Female senior faculty and top administrators earn more at institutions with female presidents and provosts than at institutions where men are in charge, a new analysis from the College and University Professional Association for Human Resources shows.
Nearly one-third—32 percent—of colleges and universities have female presidents, according to CUPA-HR data. For every dollar male presidents earn, female presidents earn $0.91.
The analysis relies on data from CUPA-HR’s 2020 Administrators in Higher Education survey, as well as the 2020 Faculty in Higher Education Survey, which includes information about 47,985 administrators and 171,367 tenure-track faculty members, respectively. For this particular analysis, the authors looked at 925 institutions that provided information about the genders of their presidents and other administrators and faculty.
Colleges and universities with female presidents have higher percentages of women in all top administrative categories, including senior institutional officers, institutional administrators and division heads, according to the analysis.
Forty-five percent of senior officers at female-led institutions are women, compared with 42 percent at male-led institutions. Six in 10 division heads—which includes roles like bursar, chief campus bookstore administrator and chief student housing administrator—at female-led institutions are women, compared with 55 percent at male-led institutions. And about 63 percent of administrators—such as chief diversity officers and chief purchasing officers—at female-led institutions are women, while only 61 percent of administrators at male-led institutions are women.
Regardless of whether an institution has a female or male president, female administrators are typically paid less than men. That said, female administrators at institutions with a female president earn more than their counterparts at institutions with male presidents, the data showed.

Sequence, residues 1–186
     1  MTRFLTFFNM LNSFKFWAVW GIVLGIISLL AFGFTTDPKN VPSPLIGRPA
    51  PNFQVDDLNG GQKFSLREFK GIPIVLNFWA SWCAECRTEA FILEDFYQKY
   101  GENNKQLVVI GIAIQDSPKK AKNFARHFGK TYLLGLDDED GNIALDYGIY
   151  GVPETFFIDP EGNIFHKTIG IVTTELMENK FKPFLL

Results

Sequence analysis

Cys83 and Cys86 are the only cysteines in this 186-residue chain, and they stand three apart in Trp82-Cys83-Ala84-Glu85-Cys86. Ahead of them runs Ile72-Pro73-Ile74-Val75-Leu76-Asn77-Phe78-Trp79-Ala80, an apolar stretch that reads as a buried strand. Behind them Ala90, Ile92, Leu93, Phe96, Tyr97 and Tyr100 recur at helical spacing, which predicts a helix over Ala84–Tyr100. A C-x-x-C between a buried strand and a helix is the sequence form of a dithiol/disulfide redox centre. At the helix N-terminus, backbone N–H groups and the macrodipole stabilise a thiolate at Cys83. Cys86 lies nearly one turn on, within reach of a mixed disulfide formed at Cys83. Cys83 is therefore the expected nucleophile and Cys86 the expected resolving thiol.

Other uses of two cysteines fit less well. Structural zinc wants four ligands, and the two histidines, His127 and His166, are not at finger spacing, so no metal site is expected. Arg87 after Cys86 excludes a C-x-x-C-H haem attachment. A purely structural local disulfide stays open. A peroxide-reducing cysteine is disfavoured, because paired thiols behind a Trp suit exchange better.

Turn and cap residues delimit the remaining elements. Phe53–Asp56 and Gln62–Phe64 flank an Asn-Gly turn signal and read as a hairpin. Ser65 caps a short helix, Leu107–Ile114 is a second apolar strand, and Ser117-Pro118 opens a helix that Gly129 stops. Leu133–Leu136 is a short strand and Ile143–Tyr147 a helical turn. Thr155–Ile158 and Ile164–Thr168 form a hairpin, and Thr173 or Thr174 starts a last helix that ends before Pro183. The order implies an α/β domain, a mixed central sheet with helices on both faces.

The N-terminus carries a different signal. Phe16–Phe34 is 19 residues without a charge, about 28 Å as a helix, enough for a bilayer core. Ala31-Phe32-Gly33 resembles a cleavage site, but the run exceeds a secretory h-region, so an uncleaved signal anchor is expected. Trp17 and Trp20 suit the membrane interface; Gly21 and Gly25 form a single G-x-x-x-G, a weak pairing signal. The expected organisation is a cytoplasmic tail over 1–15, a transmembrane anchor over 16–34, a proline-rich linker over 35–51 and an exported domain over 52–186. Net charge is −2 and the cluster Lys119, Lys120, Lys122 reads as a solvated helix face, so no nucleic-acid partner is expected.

For every dollar a man makes, female senior officers at male-led colleges earn $0.92, while female senior officers at female-led colleges earn $0.97. Female administrators at male-led colleges earn $0.91 for every dollar their male counterparts earn, while female administrators at female-led colleges earn $0.92.
The pay gap among female division heads breaks away quite a bit: for every dollar a male division head earns, female division heads at male-led colleges earn $0.94, while female division heads at female-led colleges earn $1.06.
Good compensation packages should include more than just a competitive salary, said Marjorie Hass, president of the Council of Independent Colleges. Benefits, paid leave, opportunities for advancement and “matching authority to responsibility” are important to women when considering a job.
“One of the things that I hear most often from women—and this is why it’s often a little bit hard to even compare job titles and pay—is that their roles have a great deal more responsibility than their job title would tell,” Hass said. “In other words, they may be an assistant provost or an associate provost, but they’re doing work that would normally be included in the provost position, without the title and thus without the salary.”
Women are slightly more represented among provosts than presidents—44 percent of provosts are women, according to the CUPA-HR analysis.
At institutions with female provosts, 48 percent of deans are women, compared to 43 percent at institutions with male provosts. Women make up 53 percent of assistant professors at institutions with female provosts and 50 percent of assistant professors at institutions with male provosts. Among associate professors, 47 percent are women at institutions with female provosts, while 45 percent are women at institutions with male provosts.